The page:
Apr 6, 2014
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These are usually caused by the passage through the body of an electric current of high voltage owing to accidental contact with a live wire or to a discharge of lightning. The general effects produced are included under the term electric shock, but vary greatly in degree. The local effects include spasmodic contraction of muscles, fracture of bones, and in severe cases more or less widespread destruction of tissues which may amount simply to burns of the skin or may include necrosis of masses of muscle and internal organs. Fright due to the unexpectedness of the shock, and pain due to the sudden cramp of muscles, are the most common symptoms and in most cases pass off within a few minutes. In more severe cases – especially when the person has remained in contact with a live wire for some time, or has been unable to let go of the electrical contact owing to spasmodic contraction of the muscles – the effects are more pronounced and may include concussion or compression of the brain (see BRAIN, DISEASES OF). In still more severe cases, death may ensue either from paralysis of the respiration or stoppage of the heart’s action. If prompt measures are taken for treatment, the victim can often be resuscitated.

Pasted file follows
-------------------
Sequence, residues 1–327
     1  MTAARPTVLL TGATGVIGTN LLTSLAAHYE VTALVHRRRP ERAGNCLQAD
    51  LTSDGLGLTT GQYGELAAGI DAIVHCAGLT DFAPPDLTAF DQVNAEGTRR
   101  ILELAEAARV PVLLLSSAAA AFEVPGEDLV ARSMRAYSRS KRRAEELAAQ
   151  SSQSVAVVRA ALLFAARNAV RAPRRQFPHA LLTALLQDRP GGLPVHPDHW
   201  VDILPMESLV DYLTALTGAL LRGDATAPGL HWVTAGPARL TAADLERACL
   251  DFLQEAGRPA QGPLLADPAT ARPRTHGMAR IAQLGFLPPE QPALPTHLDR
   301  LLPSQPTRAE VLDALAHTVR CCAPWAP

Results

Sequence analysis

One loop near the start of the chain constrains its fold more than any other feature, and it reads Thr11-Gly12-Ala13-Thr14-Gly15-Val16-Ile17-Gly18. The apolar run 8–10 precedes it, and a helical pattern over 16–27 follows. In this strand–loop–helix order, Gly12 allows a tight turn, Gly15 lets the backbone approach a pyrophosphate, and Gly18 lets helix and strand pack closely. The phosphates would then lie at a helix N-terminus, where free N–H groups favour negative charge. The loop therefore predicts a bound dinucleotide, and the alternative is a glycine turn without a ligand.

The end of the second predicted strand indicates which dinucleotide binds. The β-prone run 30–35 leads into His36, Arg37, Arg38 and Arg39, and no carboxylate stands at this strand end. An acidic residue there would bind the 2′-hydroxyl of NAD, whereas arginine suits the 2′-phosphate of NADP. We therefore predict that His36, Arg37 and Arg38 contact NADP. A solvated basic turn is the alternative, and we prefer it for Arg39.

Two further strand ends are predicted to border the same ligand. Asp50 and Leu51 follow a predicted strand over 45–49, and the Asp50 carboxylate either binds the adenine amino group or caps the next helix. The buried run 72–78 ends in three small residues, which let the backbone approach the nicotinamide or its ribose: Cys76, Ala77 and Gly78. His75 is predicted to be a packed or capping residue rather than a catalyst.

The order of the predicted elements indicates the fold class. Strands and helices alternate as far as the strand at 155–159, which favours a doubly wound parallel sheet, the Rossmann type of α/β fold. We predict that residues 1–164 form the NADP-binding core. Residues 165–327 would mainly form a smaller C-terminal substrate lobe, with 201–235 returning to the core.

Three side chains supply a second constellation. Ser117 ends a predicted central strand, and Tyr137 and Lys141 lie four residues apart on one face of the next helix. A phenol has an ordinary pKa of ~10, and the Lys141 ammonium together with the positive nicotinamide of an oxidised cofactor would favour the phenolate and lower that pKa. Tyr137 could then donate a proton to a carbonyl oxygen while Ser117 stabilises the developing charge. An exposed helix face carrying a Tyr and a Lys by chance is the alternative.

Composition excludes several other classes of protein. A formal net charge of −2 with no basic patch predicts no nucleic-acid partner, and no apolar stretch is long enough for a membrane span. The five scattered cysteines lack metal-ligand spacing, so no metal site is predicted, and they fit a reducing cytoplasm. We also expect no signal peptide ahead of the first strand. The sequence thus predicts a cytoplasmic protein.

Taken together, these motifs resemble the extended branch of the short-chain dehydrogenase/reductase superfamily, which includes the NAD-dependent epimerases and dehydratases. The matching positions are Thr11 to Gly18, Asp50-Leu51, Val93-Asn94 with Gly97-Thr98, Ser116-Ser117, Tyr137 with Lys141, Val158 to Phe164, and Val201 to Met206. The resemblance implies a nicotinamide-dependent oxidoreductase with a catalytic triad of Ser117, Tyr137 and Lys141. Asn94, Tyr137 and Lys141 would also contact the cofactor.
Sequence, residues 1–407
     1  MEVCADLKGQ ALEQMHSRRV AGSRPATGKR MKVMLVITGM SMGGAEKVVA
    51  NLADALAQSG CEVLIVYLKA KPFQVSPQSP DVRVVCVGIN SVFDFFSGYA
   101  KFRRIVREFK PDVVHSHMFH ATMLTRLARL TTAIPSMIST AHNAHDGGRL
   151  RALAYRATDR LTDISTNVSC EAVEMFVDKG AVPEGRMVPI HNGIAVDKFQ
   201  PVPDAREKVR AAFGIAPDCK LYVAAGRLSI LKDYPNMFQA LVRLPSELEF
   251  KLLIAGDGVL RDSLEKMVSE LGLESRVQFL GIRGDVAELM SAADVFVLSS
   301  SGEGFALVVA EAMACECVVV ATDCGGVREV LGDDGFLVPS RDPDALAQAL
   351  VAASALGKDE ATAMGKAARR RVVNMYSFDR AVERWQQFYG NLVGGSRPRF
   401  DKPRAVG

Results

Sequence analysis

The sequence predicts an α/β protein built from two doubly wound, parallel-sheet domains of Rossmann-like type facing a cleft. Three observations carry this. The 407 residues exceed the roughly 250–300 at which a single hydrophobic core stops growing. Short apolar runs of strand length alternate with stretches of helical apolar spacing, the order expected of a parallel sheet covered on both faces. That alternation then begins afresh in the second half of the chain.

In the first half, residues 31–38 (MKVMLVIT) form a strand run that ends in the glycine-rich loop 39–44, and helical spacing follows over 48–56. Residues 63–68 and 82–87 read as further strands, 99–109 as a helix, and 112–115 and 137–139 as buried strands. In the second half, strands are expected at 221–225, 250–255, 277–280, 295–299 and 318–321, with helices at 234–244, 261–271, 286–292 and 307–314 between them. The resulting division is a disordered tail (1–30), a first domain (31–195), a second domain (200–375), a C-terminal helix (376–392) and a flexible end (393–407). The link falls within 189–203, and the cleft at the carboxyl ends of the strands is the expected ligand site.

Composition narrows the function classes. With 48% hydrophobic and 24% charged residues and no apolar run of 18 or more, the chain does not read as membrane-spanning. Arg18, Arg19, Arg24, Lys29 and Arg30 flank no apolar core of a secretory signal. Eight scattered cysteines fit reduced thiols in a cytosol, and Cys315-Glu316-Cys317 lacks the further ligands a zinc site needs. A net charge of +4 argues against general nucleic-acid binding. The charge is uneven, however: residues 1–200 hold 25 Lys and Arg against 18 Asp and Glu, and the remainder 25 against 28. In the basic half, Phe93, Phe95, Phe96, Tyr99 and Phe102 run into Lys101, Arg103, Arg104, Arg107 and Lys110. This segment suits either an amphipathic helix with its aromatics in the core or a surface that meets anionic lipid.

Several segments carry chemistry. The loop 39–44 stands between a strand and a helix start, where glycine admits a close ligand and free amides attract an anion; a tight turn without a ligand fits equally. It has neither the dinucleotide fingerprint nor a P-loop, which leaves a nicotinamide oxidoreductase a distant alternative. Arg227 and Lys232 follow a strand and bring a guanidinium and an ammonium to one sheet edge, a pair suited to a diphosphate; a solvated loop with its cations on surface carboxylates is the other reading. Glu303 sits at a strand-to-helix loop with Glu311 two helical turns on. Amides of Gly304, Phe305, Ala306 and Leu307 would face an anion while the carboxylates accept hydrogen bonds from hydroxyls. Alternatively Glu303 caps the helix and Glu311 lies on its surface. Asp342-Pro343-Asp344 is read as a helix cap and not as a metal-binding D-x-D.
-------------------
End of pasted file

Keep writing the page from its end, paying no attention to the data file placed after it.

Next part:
In Britain there are an average of 110 deaths a year from electrocution, half of these occurring in the home.

Treatment No electrical apparatus or switch should be touched by anyone who is in metallic contact with the ground, such as through a metal pipe, especially, for example, from a bath. The first action is to break the current. This can sometimes be done by turning off a switch. If the victim is grasping or in contact with a live wire, the contact may be severed with safety only by someone wearing rubber gloves or rubber boots; but as these are not likely to be immediately available, the rescuer’s hands may be protected by a thick wrapping of dry cloth, or the live wire may be hooked or pushed out of the way with a long wooden stick such as a broom-handle. If the injured person is unconscious, and especially if breathing has stopped, artificial respiration should be applied as described in APPENDIX 1: BASIC FIRST AID – Electrocution. When the patient begins to breathe again, he or she must be treated for shock and professional help obtained urgently.

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Medical Dictionary

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